Unless my life goes flying off in an unexpected direction or blinks out entirely, I believe that in three-to-five years time I'll be ready to form a theater company, even though there may be too many in Portland even now. My theater tastes are beginning to clarify even though I can't articulate them well, yet. Doing Shakespeare, on the one hand, and film, on the other, both influence me. I know that I like language and physicality both and that I love marrying serious intent to whimsicality. I also know that I prefer strong narrative works, though I'm prepared to let that change. I'm not interested in plot for its own sake, but as something that helps orient actors and audience as other things are going on. I like high entertainment value and high literary/dramatic interest, both.
I also like working in a focused, if playful way. The one thing that irritates me most in the rehearsal room or on set is the 'cluster f@#cks' that often form when a group of people need to do a task for which no one takes charge--oy vey, man, it's a headache-and I'm not fond of frittering work time away in too much actorish yack-yack (some is good, even essential). As I work around town, I definitely tune into--and remember--those actors and other theater artists who demonstrate focus and commitment and with whom it is fun, fun, fun to work.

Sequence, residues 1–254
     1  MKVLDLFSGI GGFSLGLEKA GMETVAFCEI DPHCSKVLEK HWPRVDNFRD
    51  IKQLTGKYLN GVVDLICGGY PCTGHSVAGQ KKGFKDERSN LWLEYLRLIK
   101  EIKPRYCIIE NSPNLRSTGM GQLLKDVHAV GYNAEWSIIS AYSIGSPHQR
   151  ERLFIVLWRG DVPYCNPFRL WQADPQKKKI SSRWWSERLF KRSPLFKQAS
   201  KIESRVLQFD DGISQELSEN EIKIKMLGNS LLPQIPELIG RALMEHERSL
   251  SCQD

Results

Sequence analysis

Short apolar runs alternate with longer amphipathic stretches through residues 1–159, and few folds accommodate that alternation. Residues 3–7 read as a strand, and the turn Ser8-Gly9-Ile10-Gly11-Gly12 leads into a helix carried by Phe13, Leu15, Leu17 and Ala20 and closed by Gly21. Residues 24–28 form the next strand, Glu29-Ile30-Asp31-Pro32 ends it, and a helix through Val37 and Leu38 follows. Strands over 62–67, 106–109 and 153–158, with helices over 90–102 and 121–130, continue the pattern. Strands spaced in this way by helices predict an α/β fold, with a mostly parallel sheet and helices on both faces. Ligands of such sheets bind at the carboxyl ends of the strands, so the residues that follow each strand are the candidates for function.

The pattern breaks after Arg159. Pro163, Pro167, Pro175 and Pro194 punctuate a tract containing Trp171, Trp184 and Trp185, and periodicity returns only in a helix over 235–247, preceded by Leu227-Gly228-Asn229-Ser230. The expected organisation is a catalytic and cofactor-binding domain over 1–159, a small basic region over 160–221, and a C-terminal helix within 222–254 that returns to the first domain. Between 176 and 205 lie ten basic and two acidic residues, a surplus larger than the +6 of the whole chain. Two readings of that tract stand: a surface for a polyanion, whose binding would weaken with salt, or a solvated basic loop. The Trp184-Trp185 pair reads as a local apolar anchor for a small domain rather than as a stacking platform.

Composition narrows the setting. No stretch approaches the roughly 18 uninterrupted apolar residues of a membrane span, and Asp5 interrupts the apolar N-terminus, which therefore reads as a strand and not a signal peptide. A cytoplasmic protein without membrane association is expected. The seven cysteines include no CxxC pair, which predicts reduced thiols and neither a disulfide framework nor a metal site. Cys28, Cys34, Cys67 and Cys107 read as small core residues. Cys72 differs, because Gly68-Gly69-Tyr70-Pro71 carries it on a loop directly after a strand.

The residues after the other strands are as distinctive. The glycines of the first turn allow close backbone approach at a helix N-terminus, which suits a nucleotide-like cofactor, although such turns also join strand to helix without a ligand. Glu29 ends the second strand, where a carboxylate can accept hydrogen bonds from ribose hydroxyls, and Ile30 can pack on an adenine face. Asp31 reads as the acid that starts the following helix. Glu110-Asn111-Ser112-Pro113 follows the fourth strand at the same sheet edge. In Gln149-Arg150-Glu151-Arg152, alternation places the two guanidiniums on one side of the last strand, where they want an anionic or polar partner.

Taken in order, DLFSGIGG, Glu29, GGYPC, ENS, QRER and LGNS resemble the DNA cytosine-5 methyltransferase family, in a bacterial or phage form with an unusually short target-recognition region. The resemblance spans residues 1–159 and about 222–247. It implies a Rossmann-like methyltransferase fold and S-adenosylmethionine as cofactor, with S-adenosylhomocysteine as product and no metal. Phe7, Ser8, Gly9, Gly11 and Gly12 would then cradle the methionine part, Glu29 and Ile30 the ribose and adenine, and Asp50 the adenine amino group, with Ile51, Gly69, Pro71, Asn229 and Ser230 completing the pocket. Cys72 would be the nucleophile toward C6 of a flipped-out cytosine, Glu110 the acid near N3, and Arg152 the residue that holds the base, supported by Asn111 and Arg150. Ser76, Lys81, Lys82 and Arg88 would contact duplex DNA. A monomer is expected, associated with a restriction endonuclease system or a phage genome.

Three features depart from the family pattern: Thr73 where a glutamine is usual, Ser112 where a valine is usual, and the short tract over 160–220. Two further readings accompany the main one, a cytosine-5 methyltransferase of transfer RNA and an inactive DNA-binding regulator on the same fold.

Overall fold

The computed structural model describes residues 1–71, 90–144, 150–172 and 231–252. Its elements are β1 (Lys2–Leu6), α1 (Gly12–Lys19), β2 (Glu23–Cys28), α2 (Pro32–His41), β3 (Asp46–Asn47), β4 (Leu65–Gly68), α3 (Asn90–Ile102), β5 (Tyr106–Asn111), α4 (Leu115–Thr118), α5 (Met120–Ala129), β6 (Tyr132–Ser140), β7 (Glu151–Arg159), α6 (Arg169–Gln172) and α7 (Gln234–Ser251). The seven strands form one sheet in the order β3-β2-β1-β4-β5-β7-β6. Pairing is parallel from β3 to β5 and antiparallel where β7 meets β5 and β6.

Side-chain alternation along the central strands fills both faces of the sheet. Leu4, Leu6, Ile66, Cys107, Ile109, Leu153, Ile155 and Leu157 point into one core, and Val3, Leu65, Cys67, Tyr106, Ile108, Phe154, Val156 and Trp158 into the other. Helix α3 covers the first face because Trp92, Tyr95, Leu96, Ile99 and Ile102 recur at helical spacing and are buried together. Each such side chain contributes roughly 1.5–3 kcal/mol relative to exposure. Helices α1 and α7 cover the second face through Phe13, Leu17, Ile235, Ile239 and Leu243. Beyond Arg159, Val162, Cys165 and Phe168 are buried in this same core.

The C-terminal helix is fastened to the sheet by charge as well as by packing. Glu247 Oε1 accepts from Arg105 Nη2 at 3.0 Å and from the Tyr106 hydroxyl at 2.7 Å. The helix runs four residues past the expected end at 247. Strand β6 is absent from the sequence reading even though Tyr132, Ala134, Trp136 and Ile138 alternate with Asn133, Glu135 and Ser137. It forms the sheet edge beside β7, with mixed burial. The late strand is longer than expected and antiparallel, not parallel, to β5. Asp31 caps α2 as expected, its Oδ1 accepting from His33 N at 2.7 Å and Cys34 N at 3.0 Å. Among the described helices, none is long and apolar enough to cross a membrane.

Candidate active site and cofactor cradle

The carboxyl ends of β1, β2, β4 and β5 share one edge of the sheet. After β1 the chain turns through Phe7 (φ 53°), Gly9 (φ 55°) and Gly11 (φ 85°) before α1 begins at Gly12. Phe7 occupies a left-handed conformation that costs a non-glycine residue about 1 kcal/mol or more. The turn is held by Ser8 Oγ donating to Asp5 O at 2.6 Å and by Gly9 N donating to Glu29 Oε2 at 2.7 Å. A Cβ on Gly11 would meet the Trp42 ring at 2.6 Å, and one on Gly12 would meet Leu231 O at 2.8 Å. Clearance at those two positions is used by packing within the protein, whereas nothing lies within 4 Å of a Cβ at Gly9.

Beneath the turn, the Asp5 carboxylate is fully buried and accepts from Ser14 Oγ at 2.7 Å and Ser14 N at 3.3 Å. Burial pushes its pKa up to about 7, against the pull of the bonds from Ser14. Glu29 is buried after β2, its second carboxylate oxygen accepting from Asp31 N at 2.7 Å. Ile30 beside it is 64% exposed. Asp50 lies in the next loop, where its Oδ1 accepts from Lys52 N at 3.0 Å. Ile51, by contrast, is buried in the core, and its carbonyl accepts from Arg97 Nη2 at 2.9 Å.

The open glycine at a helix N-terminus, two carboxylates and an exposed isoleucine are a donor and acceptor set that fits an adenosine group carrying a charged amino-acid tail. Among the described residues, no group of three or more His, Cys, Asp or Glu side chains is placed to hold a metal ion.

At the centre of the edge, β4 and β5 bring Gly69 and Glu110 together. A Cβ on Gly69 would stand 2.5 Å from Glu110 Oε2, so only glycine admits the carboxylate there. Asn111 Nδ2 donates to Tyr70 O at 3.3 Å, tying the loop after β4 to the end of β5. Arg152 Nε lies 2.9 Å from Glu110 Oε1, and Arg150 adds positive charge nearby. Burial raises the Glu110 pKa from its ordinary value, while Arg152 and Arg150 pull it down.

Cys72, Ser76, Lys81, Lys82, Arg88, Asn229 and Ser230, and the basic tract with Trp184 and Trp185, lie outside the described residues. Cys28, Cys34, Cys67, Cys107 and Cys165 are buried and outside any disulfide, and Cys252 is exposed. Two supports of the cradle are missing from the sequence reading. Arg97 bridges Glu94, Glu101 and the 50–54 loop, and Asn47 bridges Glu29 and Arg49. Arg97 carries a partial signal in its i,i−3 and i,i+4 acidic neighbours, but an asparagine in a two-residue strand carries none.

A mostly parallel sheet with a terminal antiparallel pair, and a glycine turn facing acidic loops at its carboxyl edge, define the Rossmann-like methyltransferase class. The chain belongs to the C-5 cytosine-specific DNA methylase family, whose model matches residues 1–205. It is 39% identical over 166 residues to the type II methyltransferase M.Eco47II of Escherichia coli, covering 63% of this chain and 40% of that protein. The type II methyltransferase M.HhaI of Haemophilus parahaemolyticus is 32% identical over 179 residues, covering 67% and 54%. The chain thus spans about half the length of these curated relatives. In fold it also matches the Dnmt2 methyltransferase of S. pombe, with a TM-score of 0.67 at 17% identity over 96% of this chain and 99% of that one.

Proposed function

I'm also looking out for actors and theater artists who would seem to benefit from--or at least show interest in--working consistantly with the same collaborators over time. Pick up, scratch casts, in a lovingly amateur theater town such as Portland don't get much CHANCE to do great work (something which a group like Theater Vertigo recognizes and tries to correct) as actors get treated like a commodity, and don't get a chance to develop their own, idiosyncratic talents or fallow skills. Directors don't get a chance to know how individual actors work so that collaborations can develop over time, or actors simply don't work often enough. In Portland, there are exceptions. One is the loose, running gang that is Don Alder and his actor pals such as John Morrison, Jeff Gorham, Danny Bruno, Hollis Wilson, David Burnett, Sarah Luchte (and a few others) who work together again and again. Don works with these actors again and again not because they're the 'best' actors available for a project at any given moment (though, they often are!) but because they're the best actors for EACH OTHER at any given moment, which is often better for a project than hiring actors who seem best for a project, on the basis of an audition or two.... Ya'all follow me?